Chalk up another win for the White House in the growing battle over the constitutionality of the healthcare reform law.
A U.S. Court of Appeals for the District of Columbia has ruled the law is constitutional.
For those keeping score, that gives the law three wins and one loss at the federal appeals court level.
The ruling should give the Obama administration more confidence that the Supreme Court will uphold the law when it takes on the issue.
Several lawsuits surrounding the constitutionality of the law’s “individual mandate” — which requires individuals to buy health insurance by 2014 or face penalties — are pending at the Supreme Court.
The high court is expected to decide very shortly, which of those lawsuits it’ll take on. It could then issue a ruling as early as June, which would wrap up the debate before the upcoming presidential election.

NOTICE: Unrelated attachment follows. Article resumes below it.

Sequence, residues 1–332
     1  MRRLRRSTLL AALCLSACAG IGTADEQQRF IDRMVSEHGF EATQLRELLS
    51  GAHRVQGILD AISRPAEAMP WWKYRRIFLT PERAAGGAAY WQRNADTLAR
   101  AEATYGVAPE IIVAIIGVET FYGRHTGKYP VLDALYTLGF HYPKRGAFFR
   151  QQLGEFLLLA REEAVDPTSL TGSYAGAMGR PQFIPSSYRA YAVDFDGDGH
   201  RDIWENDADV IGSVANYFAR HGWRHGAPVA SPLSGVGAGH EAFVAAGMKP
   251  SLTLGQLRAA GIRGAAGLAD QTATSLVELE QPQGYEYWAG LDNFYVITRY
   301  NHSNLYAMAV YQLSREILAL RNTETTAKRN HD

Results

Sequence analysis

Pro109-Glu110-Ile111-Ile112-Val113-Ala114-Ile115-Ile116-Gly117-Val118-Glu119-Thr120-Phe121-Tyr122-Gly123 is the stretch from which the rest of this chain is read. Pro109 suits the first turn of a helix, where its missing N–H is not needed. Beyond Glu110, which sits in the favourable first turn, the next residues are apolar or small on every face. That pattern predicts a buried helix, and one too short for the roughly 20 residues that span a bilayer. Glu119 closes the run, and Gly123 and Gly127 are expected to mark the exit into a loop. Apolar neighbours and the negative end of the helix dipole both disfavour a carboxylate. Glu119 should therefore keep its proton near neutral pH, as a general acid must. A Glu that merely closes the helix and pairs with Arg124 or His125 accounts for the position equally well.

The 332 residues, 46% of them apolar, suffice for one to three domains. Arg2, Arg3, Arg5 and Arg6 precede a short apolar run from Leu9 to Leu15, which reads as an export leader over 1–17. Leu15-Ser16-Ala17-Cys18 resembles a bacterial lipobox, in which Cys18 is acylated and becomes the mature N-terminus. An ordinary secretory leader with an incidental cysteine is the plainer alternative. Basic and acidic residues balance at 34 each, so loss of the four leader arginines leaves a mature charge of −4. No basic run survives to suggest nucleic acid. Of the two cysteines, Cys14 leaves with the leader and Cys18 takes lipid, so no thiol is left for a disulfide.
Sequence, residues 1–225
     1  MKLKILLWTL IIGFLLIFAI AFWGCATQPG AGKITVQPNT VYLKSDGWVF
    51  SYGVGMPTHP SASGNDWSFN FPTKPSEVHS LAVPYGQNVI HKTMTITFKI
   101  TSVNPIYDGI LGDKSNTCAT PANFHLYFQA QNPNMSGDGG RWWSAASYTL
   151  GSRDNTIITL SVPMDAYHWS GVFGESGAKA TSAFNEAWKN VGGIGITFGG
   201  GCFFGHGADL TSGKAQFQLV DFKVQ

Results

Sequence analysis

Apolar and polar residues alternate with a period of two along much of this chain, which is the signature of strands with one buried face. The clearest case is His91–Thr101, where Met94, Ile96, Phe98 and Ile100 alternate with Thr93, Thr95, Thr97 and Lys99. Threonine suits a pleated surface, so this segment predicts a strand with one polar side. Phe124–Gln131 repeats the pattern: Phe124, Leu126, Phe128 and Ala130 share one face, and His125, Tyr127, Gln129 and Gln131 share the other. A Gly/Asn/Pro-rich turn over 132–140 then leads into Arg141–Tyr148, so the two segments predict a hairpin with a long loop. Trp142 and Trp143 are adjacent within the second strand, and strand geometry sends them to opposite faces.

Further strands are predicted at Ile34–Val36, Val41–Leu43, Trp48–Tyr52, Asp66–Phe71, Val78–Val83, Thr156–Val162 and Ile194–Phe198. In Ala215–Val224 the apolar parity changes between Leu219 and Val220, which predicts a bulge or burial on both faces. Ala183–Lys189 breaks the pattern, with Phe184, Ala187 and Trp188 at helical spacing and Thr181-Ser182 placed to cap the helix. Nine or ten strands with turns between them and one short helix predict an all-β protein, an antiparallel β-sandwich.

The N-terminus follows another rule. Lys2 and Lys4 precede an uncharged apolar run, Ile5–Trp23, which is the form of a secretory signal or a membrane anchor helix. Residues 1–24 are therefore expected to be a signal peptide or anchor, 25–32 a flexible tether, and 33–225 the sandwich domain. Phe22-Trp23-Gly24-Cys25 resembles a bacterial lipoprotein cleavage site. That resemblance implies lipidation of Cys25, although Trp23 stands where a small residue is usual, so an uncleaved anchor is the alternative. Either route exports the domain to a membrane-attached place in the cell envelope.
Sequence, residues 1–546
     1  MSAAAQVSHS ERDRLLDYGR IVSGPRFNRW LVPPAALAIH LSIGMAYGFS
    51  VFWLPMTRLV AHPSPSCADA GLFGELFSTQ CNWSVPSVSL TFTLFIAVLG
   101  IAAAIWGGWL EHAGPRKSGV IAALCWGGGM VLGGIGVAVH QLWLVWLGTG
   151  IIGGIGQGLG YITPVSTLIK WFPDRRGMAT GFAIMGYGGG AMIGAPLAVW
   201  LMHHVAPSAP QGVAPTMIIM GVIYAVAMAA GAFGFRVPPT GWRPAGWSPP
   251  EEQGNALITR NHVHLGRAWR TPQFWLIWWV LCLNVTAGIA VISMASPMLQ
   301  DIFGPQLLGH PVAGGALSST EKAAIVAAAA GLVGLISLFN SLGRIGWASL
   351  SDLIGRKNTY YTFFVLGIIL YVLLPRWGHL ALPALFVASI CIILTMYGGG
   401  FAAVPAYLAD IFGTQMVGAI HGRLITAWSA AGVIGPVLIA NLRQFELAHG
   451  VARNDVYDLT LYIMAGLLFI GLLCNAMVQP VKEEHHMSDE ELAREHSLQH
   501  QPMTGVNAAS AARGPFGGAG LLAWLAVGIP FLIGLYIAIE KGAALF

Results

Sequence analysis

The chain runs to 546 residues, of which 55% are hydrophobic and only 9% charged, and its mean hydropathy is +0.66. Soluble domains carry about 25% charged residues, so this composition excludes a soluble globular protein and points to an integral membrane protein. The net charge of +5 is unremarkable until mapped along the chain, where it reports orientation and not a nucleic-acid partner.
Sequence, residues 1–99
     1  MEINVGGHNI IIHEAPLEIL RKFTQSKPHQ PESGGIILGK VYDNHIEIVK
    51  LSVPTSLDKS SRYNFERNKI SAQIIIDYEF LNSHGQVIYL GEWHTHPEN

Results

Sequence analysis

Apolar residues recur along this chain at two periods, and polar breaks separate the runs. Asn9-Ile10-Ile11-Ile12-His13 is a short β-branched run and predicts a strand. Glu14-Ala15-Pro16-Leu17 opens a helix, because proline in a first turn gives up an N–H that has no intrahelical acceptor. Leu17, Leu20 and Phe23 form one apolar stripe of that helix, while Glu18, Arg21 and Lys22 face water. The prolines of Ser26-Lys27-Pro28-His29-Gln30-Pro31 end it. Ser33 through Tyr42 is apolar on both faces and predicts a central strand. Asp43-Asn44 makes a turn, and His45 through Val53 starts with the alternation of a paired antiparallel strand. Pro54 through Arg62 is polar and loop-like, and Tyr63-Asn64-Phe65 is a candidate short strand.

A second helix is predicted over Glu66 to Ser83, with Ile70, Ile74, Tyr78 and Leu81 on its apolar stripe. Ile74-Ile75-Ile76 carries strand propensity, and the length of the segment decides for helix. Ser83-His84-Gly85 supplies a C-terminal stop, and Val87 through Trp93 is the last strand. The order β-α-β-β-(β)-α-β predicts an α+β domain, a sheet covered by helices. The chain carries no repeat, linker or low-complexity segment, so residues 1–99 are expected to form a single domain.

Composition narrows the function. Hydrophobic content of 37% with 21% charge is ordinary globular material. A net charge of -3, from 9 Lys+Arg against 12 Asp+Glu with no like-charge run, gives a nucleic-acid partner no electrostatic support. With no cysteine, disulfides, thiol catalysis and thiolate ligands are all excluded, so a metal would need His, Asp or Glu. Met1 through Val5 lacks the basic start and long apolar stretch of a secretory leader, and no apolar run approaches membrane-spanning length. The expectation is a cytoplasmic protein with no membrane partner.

The pending lawsuits where brought on by more than two dozen states, which claim the federal government overstepped its authority by forcing individuals to buy health insurance.
The Department of Justice has countered that argument by saying the law doesn’t force individuals to participate in a marketplace they are not already in. Because everyone will need medical care at some point, it says individuals already participate in the healthcare market.